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The lectures will be prepared with a broad multidisciplinary audience in mind, and at each school a broad scope, ranging from modeling to scientific computing, will be covered. The four main speakers will deliver a series of three 70-minutes lectures. Ample time within the school is allocated for the promotion of informal scientific discussions among the participants.

Plenary speakers

Françoise Tisseur
The University of Manchester, UK
School of Mathematics
Alan Turing Building
Manchester, M13 9PL
The nonlinear eigenvalue problem

Nonlinear eigenvalue problems (NEPs) arise in many areas of computational science and engineering, including acoustics, control theory, fluid mechanics and structural engineering, and in the past ten years there have been numerous breakthroughs in the development of numerical methods.

In the first lecture, I will present simple but representative examples of NEPs associated with matrix-valued functions that depend nonlinearly on a single parameter. I will discuss some interesting mathematical properties of nonlinear eigenproblems, present their solution structure, including discussions of invariant pairs, Keldysh's theorem, and generalized Rayleigh functionals, as well as some perturbation results.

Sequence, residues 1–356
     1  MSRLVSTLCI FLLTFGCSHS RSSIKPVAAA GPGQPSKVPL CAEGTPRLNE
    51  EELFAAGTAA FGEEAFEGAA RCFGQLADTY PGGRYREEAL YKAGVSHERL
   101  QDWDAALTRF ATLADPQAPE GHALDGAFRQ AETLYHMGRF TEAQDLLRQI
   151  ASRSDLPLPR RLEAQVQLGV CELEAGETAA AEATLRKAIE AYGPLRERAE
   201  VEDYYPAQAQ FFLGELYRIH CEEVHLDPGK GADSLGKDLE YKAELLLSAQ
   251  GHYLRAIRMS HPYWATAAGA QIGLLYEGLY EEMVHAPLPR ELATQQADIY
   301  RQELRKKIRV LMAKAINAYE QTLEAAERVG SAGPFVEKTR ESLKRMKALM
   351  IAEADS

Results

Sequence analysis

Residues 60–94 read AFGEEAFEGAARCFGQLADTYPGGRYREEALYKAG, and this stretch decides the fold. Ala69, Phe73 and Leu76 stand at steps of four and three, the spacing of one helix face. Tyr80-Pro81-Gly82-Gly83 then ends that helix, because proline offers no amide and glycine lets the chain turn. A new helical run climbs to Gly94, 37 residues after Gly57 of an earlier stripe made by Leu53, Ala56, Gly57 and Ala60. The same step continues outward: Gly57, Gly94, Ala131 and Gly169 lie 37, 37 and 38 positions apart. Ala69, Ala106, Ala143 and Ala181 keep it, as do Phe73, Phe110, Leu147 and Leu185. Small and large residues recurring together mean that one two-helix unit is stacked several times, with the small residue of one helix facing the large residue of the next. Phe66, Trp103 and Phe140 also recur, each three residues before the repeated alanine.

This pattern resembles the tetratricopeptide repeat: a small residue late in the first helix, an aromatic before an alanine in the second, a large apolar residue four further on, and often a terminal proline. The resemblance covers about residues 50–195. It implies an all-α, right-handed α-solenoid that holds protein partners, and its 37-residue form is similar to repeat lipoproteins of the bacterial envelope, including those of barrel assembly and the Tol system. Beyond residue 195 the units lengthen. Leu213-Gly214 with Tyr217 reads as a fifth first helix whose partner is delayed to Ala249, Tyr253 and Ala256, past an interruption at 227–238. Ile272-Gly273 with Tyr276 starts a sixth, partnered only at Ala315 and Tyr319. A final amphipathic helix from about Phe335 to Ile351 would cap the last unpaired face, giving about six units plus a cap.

In the second and third lectures, I will present three classes of numerical methods for NEPs:
1. solvers based on Newton's method, illustrating their convergence properties with examples;
2. solvers using contour integrals, discussing their dependence on parameters;
3. solvers based on the linearization of rational eigenvalue problems. I will discuss practical and efficient construction of rational interpolants via sampling of the matrix-valued function defining the NEP.

Nicholas J. Higham
The University of Manchester, UK
School of Mathematics
Alan Turing Building
Manchester, M13 9PL
Multiprecision Algorithms